To Father Engelhardt's family and lawyer, the priest was an innocent man falsely accused and wrongly convicted in a case overflowing with reasonable doubt. When the priest died at the hospital, no family member was present.

Father Greenfield saw Father Engelhardt the day before he died. Despite being handcuffed to a hospital bed and under guard by two armed correctional officers, "Charlie" appeared to be in good spirits, Father Greenfield said.

Saturday, November 8, 2014

Priest Stricken In Prison

By Ralph Cipriano

Father Charles Engelhardt was transported by ambulance from prison to a hospital last week after he experienced dizziness.

The 67-year-old priest is an inmate at the State Correctional Institution in Coal Township, Northumberland County, where he's serving a six to 12 year-sentence. In a case overflowing with reasonable doubt, a jury on Jan. 30, 2013 inexplicably convicted Engelhardt  of endangering the welfare of a child, corruption of a minor and indecent assault. Even though the alleged "victim" in the case was Billy Doe, a former altar boy turned heroin addict whose crazy stories of abuse defied logic and common sense, as well as all known evidence gathered by the district attorney's own detectives.

Just a week before he was stricken, Father Engelhardt's lawyer, Michael J. McGovern, was in state Superior Court, arguing that his client deserved a new trial because of judicial errors and prosecutorial misconduct.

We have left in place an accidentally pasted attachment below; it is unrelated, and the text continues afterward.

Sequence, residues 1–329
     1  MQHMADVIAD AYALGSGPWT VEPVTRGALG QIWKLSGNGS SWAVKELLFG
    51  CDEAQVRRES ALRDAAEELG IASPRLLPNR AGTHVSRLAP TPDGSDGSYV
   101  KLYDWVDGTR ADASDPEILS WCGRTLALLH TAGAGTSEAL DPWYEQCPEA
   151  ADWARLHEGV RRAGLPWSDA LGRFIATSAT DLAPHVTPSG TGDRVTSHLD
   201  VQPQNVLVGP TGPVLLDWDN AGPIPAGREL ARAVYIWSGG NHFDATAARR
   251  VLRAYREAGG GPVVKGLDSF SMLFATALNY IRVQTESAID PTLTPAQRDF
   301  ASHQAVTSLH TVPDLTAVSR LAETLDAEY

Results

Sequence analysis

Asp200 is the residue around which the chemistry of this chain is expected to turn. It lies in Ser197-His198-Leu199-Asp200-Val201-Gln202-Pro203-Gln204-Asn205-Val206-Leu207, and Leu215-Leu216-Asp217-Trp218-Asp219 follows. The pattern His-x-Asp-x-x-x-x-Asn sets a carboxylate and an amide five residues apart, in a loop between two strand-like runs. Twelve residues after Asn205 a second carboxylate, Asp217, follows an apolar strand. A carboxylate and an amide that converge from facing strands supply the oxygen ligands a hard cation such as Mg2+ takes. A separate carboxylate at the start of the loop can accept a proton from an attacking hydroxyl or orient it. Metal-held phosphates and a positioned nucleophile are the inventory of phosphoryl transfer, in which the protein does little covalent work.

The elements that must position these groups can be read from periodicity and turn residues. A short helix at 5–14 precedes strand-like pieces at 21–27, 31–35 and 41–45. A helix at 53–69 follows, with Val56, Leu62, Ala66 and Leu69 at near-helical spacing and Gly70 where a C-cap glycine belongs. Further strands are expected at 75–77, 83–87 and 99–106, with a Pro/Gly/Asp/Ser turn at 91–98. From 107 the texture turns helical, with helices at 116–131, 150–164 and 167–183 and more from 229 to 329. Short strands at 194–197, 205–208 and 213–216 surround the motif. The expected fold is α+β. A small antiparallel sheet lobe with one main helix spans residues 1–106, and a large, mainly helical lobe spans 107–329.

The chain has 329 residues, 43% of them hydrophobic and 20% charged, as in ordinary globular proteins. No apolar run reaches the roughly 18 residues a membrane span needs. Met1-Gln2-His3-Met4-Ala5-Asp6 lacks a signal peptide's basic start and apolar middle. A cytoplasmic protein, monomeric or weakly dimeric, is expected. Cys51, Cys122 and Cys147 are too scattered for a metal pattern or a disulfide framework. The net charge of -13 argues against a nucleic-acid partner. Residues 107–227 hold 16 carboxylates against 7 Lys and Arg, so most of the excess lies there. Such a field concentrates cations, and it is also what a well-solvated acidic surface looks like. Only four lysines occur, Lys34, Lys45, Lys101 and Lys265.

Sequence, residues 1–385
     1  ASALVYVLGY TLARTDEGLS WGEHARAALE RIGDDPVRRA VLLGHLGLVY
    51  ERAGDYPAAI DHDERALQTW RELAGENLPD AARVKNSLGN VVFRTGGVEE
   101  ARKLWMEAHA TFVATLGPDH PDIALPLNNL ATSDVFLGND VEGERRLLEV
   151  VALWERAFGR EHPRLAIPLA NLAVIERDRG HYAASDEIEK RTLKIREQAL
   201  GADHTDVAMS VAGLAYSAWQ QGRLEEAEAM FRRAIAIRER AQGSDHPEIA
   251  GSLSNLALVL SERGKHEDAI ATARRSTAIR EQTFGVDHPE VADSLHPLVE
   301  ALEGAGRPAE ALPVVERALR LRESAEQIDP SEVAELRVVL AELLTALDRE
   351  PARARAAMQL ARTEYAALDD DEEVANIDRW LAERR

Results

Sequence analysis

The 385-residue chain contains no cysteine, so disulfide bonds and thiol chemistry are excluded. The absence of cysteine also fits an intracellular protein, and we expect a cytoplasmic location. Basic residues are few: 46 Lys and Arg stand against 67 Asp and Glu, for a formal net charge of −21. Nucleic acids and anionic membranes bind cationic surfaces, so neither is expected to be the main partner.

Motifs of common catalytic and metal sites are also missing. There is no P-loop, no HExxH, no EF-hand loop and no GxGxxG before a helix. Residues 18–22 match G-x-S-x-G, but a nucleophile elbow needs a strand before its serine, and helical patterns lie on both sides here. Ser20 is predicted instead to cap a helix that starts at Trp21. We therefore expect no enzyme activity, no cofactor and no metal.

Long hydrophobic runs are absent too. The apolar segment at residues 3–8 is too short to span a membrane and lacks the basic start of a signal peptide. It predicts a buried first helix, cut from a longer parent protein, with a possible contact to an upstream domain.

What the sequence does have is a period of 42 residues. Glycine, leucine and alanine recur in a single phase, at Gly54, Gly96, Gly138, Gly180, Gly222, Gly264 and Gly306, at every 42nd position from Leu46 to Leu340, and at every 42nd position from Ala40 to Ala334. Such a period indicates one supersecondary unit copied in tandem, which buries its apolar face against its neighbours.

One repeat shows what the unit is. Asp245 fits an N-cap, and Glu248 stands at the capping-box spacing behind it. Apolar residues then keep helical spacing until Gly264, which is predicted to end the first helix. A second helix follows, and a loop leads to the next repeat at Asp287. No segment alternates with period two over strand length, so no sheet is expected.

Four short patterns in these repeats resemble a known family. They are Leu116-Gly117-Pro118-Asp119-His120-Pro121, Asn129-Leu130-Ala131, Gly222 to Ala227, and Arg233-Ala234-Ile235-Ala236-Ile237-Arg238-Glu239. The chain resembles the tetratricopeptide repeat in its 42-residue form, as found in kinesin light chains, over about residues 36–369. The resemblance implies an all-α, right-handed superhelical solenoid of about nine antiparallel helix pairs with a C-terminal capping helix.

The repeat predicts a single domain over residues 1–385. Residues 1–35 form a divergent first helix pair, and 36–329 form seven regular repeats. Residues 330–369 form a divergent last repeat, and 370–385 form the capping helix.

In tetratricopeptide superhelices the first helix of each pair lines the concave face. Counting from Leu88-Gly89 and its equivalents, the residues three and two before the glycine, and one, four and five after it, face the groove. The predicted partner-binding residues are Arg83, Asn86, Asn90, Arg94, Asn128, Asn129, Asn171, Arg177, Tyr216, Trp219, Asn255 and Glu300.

Last Tuesday morning, doctors at Geisinger Medical Center in Danville, Pa., diagnosed cardiac artery disease and found a blockage in the priest's heart, said his niece, Tracey Boyle, a registered nurse.

The family does not know whether the priest suffered a heart attack because they have been unable to speak to his doctors. The family, however, does know that when doctors implanted a stent in the priest's heart, they discovered blockages in other arteries, Boyle said. By Friday, the priest was back in the prison infirmary, as doctors mulled whether to perform further open heart surgery, his niece said.

Monday, November 3, 2014

Judge Losing Patience As Defense Challenges Mob References

By George Anastasia

Salvatore Pelulluo and Nicky Scarfo Jr. used their mob connections to intimidate and silence officials at FirstPlus Financial Group while setting up and carrying out the multi-million dollar looting of the Texas-based company, federal prosecutors contend.

And for that reason, they argue, evidence demonstrating ties to La Cosa Nostra were legitimately presented to the jury during the FirstPlus fraud trail and should not be grounds for dismissing the convictions that were delivered back in July.

Scarfo and Pelullo "allowed various FPFG officials to learn of (their) affiliation with organized crime," Assistant U.S. Attorney Steven D'Aguanno wrote in a 103-page response to a defense motion asking that the convictions be dismissed and a new trial ordered.

"That knowledge caused those officials to refrain from challenging Pelullo's and Scarfo's control of the company" and allowed Pelullo and Scarfo to carry out the "takeover and looting" of the Texas-based mortgage company, the prosecutor wrote.

U.S. District Court Judge Robert Kugler has scheduled a hearing for Friday on the defense motion and government's response. Scarfo, Pelullo and brothers John and William Maxwell, who were also convicted, are scheduled to be sentenced in January.

Tuesday, October 28, 2014

When Prosecutors Cheat